David Rothman gives us a brilliant, finely etched study of medical practice today. Beginning in the mid-1960s, the practice of medicine in the United States underwent a most remarkable--and thoroughly controversial--transformation. The discretion that the profession once enjoyed has been increasingly circumscribed, and now an almost bewildering number of parties and procedures participate in medical decision making.
Well into the post-World War II period, decisions at the bedside were the almost exclusive concern of the individual physician, even when they raised fundamental ethical and social issues. It was mainly doctors who wrote and read about the morality of withholding a course of antibiotics and letting pneumonia serve as the old man's best friend, of considering a newborn with grave birth defects a stillbirth thus sparing the parents the agony of choice and the burden of care, of experimenting on the institutionalized the retarded to learn more about hepatitis, or of giving one patient and not another access to the iron lung when the machine was in short supply. Moreover, it was usually the individual physician who decided these matters without formal discussions with patients, their families, or even with colleagues, and certainly without drawing the attention of journalists, judges, or professional philosophers.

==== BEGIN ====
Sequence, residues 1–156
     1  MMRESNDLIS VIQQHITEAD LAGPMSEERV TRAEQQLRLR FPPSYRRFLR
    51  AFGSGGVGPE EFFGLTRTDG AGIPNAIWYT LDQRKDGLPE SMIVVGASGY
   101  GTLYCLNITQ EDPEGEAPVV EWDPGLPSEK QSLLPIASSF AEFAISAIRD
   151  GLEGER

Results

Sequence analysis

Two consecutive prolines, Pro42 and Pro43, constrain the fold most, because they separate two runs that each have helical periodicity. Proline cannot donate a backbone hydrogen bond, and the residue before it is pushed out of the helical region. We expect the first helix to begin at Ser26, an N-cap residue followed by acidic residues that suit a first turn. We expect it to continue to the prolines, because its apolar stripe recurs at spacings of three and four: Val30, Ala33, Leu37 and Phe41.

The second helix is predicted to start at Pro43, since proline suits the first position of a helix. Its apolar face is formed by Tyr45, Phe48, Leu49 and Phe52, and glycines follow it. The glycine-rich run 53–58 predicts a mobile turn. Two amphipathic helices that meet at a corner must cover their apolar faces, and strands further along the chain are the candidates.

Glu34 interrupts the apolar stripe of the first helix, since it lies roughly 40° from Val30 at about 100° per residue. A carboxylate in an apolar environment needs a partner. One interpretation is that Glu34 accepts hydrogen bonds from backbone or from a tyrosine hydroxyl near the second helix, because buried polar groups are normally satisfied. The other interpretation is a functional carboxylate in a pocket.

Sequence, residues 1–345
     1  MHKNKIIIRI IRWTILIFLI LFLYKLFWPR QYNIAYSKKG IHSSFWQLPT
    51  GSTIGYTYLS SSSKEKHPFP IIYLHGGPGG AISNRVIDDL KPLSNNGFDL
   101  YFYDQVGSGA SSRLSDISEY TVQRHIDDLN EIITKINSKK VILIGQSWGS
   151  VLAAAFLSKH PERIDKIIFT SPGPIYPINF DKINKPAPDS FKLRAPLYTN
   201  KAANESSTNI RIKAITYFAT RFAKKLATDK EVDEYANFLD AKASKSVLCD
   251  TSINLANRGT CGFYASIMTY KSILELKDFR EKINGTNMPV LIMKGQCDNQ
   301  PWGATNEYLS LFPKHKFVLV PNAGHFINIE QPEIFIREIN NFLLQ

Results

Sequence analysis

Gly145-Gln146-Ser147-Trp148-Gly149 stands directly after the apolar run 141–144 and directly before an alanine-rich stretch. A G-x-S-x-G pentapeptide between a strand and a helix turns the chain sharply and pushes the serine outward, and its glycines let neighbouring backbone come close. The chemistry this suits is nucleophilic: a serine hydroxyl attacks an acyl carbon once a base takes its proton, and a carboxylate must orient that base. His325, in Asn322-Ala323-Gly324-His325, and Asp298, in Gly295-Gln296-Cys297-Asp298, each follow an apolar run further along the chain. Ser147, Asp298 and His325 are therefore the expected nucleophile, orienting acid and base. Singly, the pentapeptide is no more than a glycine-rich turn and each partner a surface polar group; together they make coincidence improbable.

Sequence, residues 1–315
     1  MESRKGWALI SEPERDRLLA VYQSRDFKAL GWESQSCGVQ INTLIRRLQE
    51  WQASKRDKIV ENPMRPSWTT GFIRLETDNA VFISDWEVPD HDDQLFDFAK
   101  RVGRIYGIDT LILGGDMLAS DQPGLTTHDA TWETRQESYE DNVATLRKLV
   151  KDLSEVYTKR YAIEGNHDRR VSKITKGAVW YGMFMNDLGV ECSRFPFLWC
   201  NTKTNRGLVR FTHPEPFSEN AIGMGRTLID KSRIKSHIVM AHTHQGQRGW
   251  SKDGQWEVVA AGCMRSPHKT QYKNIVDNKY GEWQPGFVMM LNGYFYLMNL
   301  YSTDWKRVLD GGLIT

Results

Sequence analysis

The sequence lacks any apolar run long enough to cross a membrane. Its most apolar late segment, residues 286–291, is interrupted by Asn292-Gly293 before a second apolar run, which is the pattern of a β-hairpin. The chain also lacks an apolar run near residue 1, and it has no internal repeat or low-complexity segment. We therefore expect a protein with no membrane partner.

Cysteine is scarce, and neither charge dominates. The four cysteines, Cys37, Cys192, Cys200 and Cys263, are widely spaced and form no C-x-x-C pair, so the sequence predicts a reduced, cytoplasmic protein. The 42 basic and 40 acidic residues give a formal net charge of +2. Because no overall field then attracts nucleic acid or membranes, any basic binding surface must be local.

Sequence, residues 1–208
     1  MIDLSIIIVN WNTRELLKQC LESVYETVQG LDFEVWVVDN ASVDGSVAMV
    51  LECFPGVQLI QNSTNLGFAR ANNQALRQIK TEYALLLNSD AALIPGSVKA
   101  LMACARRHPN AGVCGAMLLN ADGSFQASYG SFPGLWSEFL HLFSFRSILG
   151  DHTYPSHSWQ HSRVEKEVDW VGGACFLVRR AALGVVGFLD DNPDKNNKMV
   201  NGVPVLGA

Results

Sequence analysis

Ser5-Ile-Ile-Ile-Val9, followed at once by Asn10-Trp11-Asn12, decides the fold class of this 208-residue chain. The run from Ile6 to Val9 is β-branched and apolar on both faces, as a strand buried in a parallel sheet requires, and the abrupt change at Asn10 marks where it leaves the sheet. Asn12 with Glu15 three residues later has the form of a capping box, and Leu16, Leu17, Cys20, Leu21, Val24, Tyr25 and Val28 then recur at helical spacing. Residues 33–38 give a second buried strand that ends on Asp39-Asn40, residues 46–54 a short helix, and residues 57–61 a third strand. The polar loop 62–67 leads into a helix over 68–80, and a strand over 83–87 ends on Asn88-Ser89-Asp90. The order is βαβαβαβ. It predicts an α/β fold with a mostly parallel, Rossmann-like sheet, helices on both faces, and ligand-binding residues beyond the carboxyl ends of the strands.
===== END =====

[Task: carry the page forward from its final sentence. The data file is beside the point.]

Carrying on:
The impact of the invasion of outsiders into medical decision-making, most generally framed, was to make the invisible visible. Outsiders to medicine--that is, lawyers, judges, legislators, and academics--have penetrated its every nook and cranny, in the process giving medicine exceptional prominence on the public agenda and making it the subject of popular discourse. The glare of the spotlight transformed medical decision making, shaping not merely the external conditions under which medicine would be practiced (something that the state, through the regulation of licensure, had always done), but the very substance of medical practice--the decisions that physicians made at the bedside.